I’ve completed my one week experiment with self-applying monetary incentives to improve my sleep schedule and it consider it a success. On all but one night, I managed to get to bed by the midnight deadline. I will continue the experiment for another week.
(I will donated a total of $2 due to charity for the week.)
For the next week, I will donate $1 to charity for every hour or fraction there of that I stay up after midnight. This is a one week experiment. Next week, I’ll evaluate it and decide if it’s something that I want to continue.
I have been trying to get on an earlier schedule for a while. One strategy that I’ve employed is to make myself to get up earlier. This semester, I took an early morning exercise class once a week. I made it to all classes and although there were a few painful days in which I was very sleep deprived, this has helped a lot.
However, I still find myself staying up later than I intend to do. When I’m on the computer, it’s just too easy to get sucked into thinking that I’ll just read one more article or post one additional email. When I’m out with friends, it’s easy to think that I’ll just stay up a few minutes longer. I’m instituting this experimental policy so that I’ll have an incentive to go to bed earlier. I know there will be times when staying up late is necessary or highly desirable which is why I’ve decided to use flexible monetary incentives rather than a hard and fast rule.
Notes: I’m counting the time when I’m in bed with the lights out rather than when I actually fall asleep. Calculating the exact time that I fall asleep is difficult and not something I can totally control. This project may have been inspired by this alarm clock.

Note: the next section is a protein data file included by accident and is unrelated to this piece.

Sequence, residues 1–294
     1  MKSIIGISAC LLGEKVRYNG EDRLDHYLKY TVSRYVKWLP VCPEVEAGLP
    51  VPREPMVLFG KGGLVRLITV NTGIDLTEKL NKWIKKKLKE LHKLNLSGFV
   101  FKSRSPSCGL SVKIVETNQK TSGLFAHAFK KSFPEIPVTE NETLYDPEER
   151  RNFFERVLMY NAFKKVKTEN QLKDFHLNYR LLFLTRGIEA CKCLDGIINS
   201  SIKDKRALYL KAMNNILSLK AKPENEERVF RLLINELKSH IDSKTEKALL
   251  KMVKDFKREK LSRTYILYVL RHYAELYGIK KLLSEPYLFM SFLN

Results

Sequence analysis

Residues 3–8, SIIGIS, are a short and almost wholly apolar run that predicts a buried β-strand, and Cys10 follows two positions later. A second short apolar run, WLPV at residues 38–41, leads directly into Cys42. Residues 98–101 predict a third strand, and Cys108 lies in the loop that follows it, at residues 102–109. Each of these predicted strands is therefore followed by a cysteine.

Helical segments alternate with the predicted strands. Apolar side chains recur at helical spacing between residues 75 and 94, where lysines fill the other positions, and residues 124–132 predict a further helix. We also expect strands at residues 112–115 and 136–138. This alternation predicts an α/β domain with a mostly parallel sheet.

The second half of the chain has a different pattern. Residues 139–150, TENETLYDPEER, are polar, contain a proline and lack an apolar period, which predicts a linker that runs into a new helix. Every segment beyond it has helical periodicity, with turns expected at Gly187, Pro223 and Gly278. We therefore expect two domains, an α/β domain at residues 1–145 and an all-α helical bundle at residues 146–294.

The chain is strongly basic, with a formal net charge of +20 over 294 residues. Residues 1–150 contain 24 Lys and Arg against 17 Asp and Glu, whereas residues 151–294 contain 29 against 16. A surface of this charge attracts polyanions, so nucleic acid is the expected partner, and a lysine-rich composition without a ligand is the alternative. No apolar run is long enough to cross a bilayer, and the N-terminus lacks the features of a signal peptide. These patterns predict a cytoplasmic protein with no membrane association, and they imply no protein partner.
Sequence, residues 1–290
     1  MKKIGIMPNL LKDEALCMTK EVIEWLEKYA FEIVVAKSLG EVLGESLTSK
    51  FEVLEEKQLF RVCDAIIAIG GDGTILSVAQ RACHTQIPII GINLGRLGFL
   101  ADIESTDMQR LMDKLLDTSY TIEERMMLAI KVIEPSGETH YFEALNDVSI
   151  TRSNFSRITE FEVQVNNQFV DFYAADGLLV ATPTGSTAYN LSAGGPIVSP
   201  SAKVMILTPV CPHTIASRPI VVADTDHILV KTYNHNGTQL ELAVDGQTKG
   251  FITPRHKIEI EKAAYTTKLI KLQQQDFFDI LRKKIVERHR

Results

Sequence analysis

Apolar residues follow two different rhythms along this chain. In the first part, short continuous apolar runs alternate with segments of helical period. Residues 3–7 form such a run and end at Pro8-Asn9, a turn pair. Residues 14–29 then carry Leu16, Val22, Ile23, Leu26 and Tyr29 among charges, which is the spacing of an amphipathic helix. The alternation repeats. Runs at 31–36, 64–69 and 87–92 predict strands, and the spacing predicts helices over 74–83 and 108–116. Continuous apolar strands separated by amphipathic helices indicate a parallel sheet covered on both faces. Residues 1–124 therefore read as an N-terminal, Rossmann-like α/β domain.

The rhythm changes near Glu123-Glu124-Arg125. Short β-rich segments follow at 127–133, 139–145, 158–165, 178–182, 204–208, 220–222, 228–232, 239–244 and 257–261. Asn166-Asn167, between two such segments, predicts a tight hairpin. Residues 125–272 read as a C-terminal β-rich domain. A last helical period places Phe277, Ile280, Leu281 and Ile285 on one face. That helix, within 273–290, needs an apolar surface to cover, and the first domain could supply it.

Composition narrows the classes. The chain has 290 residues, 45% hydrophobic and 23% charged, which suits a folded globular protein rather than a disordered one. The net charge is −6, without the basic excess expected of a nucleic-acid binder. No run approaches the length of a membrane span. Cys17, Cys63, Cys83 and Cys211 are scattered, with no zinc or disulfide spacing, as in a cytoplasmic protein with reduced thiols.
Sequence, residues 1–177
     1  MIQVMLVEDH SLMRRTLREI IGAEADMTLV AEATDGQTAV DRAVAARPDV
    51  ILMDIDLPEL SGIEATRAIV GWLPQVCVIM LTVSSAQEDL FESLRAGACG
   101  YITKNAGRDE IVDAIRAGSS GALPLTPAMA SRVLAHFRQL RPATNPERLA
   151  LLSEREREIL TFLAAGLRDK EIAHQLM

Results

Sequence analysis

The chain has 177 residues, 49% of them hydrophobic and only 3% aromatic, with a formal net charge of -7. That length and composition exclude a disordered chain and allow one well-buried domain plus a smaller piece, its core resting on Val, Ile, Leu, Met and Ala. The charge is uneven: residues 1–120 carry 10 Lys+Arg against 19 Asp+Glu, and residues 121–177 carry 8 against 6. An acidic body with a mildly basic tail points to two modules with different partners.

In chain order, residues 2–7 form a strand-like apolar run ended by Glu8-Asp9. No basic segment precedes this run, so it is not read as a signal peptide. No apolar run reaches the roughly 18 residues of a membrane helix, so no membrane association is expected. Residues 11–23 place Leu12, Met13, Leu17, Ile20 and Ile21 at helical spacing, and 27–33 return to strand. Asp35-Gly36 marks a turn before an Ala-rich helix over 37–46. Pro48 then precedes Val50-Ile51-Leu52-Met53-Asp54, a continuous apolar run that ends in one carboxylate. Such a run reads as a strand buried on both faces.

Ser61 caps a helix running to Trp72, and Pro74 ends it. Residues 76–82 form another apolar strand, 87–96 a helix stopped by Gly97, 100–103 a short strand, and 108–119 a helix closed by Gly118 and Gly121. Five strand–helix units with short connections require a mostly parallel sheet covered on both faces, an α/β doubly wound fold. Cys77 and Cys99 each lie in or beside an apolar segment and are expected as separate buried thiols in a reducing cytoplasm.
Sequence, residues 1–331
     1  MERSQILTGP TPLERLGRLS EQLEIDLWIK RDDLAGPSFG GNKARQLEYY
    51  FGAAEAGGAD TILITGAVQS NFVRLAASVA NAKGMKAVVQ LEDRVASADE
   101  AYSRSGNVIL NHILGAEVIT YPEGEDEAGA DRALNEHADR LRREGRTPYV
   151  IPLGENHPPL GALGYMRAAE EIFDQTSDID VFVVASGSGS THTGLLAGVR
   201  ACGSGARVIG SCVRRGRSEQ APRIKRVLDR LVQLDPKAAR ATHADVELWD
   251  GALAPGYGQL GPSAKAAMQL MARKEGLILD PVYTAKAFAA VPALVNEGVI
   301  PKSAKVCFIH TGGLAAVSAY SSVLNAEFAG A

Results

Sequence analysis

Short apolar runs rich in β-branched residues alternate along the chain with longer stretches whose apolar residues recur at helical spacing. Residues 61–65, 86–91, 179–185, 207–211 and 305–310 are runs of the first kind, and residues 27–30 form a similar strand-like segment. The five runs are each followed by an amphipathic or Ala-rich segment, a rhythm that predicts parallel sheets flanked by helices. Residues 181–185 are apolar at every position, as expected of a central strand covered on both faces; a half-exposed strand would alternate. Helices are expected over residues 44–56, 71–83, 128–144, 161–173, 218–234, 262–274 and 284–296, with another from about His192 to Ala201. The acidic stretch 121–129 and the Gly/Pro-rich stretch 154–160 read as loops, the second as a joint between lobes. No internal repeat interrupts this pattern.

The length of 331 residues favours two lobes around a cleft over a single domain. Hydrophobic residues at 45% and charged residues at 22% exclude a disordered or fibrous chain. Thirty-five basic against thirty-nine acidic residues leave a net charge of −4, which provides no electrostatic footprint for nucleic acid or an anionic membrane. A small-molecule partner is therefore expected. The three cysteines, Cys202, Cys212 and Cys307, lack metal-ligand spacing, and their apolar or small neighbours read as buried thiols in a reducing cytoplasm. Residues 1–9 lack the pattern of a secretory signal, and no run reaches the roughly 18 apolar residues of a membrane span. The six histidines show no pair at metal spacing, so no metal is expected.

Credits: Images courtesy of flickr users kudumomo and Tambako the Jaguar (CC BY-ND 2.0)
Update: 29 April 2012 – Here are the results after 1 week.
This weekend, I had the pleasure of attending Titanic Vintage Dance Weekend — a series of special events commemorating the 100 anniversary of the Titanic’s fateful maiden voyage. The dance weekend was run by commonwealth vintage dancers who always do an excellent job reenacting the historical ballroom. The attendees mostly worn historically accurate dress and their outfits were a treat to behold.
Although everything took place on land, they captured both the style of the ragtime period and the elegance of the RMS Titanic. Things started on Friday with a steerage dance reenacting the type of ball the that 3rd passengers might have had. Though comparatively informal by vintage standards, it was still classy and fun. Saturday featured an elegant formal tea luncheon at the historic Hawthorne Hotel followed by a formal dinner and grand ball at Colonial Hall at Rockafella’s. We finished off the weekend with a costumed stroll at the Peabody Essex Museum on Sunday morning and then a concert by grammy winning artist Ian Whitcomb in the afternoon.
While the events were festive celebrations of the kind that would have taken place a hundred years ago, the attendees frequently talked about the tragic loss of Titanic. At the 100 anniversary of the moment that the iceberg struck the ship they paused the grand ball and had a moment of silence out of respect for the victims.
The weekend was a unique opportunity to experience an earlier era. It was also a chance for me to catch up with old friends and make new ones. I’m very glad to have attended and would like to thank all those who worked so hard to make the weekend a success.
Here are some pictures here if you’re curious about the event.